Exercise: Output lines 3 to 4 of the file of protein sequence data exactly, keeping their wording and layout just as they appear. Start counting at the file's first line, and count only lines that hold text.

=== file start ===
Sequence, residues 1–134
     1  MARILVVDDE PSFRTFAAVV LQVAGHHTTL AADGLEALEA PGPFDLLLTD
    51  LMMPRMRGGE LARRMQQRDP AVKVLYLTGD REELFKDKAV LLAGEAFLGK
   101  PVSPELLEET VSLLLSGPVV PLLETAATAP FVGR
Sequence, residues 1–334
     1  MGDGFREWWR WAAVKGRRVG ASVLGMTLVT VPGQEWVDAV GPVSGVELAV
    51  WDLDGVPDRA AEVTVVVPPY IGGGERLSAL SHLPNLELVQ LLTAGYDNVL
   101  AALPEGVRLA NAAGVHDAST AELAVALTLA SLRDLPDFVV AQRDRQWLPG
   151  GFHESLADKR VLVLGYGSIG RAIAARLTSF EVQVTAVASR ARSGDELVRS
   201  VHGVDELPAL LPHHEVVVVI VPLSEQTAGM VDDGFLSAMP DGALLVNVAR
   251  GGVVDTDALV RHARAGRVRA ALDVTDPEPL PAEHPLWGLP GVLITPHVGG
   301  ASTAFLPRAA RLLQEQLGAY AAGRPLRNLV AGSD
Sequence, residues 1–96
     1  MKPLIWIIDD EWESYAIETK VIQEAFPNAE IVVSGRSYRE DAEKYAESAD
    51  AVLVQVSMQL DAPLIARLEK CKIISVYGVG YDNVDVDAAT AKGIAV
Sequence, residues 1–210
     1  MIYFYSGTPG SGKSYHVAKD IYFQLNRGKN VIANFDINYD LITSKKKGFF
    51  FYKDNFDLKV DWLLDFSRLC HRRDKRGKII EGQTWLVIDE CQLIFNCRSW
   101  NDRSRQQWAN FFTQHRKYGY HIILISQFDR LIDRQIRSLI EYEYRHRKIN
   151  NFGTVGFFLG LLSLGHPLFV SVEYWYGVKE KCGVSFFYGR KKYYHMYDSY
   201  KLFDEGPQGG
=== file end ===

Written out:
    51  LMMPRMRGGE LARRMQQRDP AVKVLYLTGD REELFKDKAV LLAGEAFLGK
   101  PVSPELLEET VSLLLSGPVV PLLETAATAP FVGR